Two Decades Since To Err Is Human: An Assessment Of Progress And Emerging Priorities In Patient Safety.

@article{Bates2018TwoDS,
  title={Two Decades Since To Err Is Human: An Assessment Of Progress And Emerging Priorities In Patient Safety.},
  author={D. Bates and Hardeep Singh},
  journal={Health affairs},
  year={2018},
  volume={37 11},
  pages={
          1736-1743
        }
}
The Institute of Medicine's To Err Is Human, published in 1999, represented a watershed moment for the US health care system. The report dramatically raised the profile of patient safety and stimulated dedicated research funding to this essential aspect of patient care. Highly effective interventions have since been developed and adopted for hospital-acquired infections and medication safety, although the impact of these interventions varies because of their inconsistent implementation and… 
A Roadmap to Advance Patient Safety in Ambulatory Care.
TLDR
Evidence suggests that medication errors, diagnostic errors, and communication and coordination breakdowns are the most common causes of preventable harm among outpatients, and a roadmap of milestones is needed to accelerate progress.
Looking to the Future
  • P. Lachman
  • Medicine
    Textbook of Patient Safety and Clinical Risk Management
  • 2020
TLDR
In this chapter, four key areas are covered: the concept of culture and language is the foundation for safety and a change in culture is the first step, which will include the development of psychological safety and well-being for people who deliver care, and co-production of safety with those who receive care.
Reclaiming the systems approach to paediatric safety
TLDR
The theories of patient safety and principles to tackle the challenge ahead are explored and the introduction of root cause analysis and failure mode effects analysis, which aimed to understand the complex systems involved in providing healthcare, are explained.
Prevention strategies to identify LASA errors: building and sustaining a culture of patient safety
TLDR
Building and sustaining a culture of patient safety should be considered as a global top-down strategy which involved all the elements in the system (regulatory bodies, manufacturers and suppliers).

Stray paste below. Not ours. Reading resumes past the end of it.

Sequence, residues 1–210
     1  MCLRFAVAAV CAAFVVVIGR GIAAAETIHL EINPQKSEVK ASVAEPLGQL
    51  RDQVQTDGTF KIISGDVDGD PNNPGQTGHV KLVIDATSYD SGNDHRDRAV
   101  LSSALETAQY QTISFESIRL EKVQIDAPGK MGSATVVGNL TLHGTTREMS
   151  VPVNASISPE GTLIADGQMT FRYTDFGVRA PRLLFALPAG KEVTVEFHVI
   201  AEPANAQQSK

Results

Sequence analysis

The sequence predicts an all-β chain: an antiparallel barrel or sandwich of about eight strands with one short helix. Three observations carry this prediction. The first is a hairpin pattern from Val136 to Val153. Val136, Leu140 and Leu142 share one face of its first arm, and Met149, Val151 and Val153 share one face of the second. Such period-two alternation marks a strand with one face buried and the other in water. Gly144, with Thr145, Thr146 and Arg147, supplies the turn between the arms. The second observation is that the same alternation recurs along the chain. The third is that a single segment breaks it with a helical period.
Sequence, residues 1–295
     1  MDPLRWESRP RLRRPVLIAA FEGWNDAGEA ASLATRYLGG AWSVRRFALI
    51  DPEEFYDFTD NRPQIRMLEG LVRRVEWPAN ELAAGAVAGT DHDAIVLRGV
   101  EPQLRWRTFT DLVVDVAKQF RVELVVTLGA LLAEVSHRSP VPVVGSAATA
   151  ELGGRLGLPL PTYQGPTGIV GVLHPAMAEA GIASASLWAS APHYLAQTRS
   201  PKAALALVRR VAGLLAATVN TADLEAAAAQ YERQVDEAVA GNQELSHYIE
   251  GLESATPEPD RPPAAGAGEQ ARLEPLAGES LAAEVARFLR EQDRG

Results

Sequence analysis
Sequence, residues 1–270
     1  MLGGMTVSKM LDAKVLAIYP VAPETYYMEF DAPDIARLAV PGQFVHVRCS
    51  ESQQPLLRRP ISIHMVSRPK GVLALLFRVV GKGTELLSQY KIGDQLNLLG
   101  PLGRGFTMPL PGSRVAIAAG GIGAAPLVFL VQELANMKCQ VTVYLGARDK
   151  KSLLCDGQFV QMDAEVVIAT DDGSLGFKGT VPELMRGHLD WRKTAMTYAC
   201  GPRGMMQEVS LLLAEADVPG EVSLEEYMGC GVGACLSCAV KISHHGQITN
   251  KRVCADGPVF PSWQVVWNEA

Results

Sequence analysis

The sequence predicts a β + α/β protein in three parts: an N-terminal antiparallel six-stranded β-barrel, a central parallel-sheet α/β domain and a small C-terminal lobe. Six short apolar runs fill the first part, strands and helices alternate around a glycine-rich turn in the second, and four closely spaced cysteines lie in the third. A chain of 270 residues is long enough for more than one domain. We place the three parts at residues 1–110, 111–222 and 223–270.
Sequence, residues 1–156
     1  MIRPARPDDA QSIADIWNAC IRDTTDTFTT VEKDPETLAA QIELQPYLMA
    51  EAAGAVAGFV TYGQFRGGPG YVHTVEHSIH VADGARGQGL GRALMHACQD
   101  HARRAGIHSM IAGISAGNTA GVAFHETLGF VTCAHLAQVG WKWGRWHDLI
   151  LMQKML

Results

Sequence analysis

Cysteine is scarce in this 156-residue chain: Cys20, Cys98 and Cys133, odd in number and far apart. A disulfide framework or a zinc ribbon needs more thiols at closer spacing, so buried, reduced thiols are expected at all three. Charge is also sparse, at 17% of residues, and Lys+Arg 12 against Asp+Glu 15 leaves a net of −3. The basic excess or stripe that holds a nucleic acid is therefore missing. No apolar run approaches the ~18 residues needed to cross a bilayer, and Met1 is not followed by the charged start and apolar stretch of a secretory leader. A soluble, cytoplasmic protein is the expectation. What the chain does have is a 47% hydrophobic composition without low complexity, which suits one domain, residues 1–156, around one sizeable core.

Operational measurement of diagnostic safety: state of the science
TLDR
The state of the science is outlined and practical recommendations for organizations to start identifying and learning from diagnostic errors are provided to help them begin their journeys to measure and reduce preventable diagnostic harm.
Master’s Programs in Patient Safety and Health Care Quality Worldwide
TLDR
This study reviews all the existing master’s-level degree programs worldwide and assesses them to determine trends and disagreements, highlighting the need for the development of program standards to ensure the quality of such programs, as have been developed in other professional fields.
Patient Safety: We've Come a Long Way.
TLDR
Patient safety has come a long way since the release of the 1999 Institute of Medicine report To Err Is Human, which revealed the immense size of the problem of preventable adverse events and took the lid off quality.
Developing Health Care Organizations That Pursue Learning and Exploration of Diagnostic Excellence: An Action Plan
TLDR
The authors propose a 5-point action plan and corresponding policy levers to support development of LEDE organizations that stimulate scientific, practice, and policy progress needed for achieving diagnostic excellence and reducing preventable patient harm.
Fighting a common enemy: a catalyst to close intractable safety gaps
TLDR
Several changes have occurred in at least three safety-related domains: adoption of key attributes of safety culture (transparency, communication and collaboration); rapid implementation of safety practices to care for the previously often neglected healthcare workforce; and use of state-of-the-art health information technology to improve the safety of patients and clinicians within the healthcare delivery system.